New Jersey Grounds For Divorce
Divorce proceedings in New Jersey are handled by the Superior Court of each county (Middlesex, Monmouth, Union, etc) and the procedures and forms are standard across the state. The process starts by filing a complaint for divorce. This legal document informs the court that one spouse would like to divorce the other. When filling out the complaint you must indicate the grounds (the reason why) on which you would like to divorce. Your decision could have consequences on how lengthy the divorce process is and how much work is required to complete it. Your options are grouped under two major headings: No-fault divorce and Fault based divorce. This decision can be made with the help of your attorney.
New Jersey No-Fault Divorce
In a no-fault divorce matter, there is no blame placed on either party of the marriage. The benefit is that you do not need any proof or support that one spouse was responsible for the marriage ending. No-fault divorces can be based on irreconcilable differences or separation.
Since becoming an option in 2007, a majority of divorces are filed under Irreconcilable differences. To file a complaint based on irreconcilable differences those differences need to have existed for six months or more and again, caused the demise of the marriage, and you and your spouse have no chance of getting back together. The benefit of filing under irreconcilable differences is that there is no residency requirement so couples who choose to live together (or need to for financial reasons) may do so. Irreconcilable differences does not require any specific or significant allegations or accusations be waged removing animosity from the divorce process.
To qualify for separation, the couple has not shared a primary residence for at least eighteen (18) months and has determined there is no chance of future reconciliation.
New Jersey Fault Based Divorce
Filing a fault based divorce requires proof and testimony of the grounds for divorce. These proceedings can be lengthy and divorcing parties should prepare to spend significant time building a case and presenting it in court. If you are going to file a fault based divorce, you have to be specific for the reason. In New Jersey there are several options.
Extreme cruelty N.J.S.A. 2A:34-2(c).
You can base your divorce on extreme cruelty if you have suffered psychological, emotional and/or physical abuse at the hand of your spouse. The abuse does not to be physical abuse and can include belittling and controlling behavior. You need to convince the judge that abuse has occurred within the three months before you filed your complaint and that the cruel actions are impossible to live with on a daily basis.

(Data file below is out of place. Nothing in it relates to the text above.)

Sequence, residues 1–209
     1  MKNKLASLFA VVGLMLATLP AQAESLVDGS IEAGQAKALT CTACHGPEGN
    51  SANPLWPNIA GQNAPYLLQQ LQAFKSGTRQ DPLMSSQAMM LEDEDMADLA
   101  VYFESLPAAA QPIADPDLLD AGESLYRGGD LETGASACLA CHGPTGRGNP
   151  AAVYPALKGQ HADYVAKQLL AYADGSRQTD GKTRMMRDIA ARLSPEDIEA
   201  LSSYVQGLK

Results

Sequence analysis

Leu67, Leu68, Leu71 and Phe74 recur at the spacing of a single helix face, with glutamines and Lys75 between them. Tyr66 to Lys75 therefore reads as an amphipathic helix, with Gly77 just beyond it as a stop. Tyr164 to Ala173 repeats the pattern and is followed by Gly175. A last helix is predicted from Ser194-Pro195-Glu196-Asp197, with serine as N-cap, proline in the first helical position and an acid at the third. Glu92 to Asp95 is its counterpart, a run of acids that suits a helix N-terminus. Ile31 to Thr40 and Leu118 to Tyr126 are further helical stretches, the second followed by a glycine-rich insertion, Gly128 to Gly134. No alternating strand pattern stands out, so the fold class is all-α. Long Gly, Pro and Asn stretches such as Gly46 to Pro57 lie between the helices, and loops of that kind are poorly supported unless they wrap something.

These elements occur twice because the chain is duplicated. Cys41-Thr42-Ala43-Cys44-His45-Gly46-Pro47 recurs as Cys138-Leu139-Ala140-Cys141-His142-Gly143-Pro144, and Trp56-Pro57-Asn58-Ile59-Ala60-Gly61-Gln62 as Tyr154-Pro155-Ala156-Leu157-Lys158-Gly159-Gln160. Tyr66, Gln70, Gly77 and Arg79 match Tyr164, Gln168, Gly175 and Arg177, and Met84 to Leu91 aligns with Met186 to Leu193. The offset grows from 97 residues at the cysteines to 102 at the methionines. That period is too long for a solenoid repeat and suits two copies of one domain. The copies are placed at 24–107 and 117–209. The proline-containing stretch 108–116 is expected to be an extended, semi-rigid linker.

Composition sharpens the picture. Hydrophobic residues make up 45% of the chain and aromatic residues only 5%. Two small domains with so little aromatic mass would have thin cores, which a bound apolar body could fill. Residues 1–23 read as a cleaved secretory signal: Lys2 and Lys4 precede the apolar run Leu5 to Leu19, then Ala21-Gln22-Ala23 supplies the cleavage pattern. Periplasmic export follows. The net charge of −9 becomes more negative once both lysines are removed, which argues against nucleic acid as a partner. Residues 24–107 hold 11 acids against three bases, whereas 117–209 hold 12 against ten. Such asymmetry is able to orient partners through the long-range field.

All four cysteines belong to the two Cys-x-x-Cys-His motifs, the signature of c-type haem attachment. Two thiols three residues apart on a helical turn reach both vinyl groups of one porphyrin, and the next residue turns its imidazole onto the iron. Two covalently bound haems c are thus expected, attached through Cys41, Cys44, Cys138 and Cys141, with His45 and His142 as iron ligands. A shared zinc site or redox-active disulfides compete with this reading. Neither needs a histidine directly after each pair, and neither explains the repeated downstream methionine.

Desertion N.J.S.A. 2A:34-2(b).
You can file based on desertion if your spouse leaves your marriage for 12 months or more against your wishes and there has been no physical intimacy during that time. Interesting note that you may still live in the same house, just no longer as husband and wife.
Addiction, Habitual Drunkeness, drug Habituation N.S.J.A 2A:34-2(e)
This fault claims that the marriage was destroyed due to one partner’s persistent, habitual and substantial intoxication and addiction for a period of 12 months prior to the filing of divorce
Imprisonment: N.J.S.A. 2A:34-2(g)
If one spouse has been incarcerated for at least 18 months. Divorce can be filed once the spouse is released and the parties do not live together after release.
Institutionalization N.J.S.A. 2A:34-2(f).
When one spouse suffers from mental illness and has been institutionalized for a period of 12 or more consecutive months you can file for a divorce for institutionalization.
Deviant sexual conduct N.J.S.A. 2A:34-2(h).
If one spouse engages voluntary in deviant sexual conduct without other spouse’s consent.
Adultery (infidelity) N.J.S.A. 5:4-2
Here, one partner of the marriage was unfaithful and is defined by the court as “adultery exists when one spouse rejects the other by entering into a personal intimate relationship with any other person, irrespective of the specific sexual acts performed; the rejection of the spouse coupled with out-of-marriage intimacy constitutes adultery.” When filing for adultery the name of the paramour must be stated.
In our office we always work with clients to find the absolute best path of action given their personal circumstances. There are many implications depending on which grounds for divorce you decide to pursue. You should explore the legal requirements of proving each scenario and how they relate to the details of your case. You should discuss these options as well as the impact on the speed in which your divorce will be handed with an experienced NJ Divorce Attorney.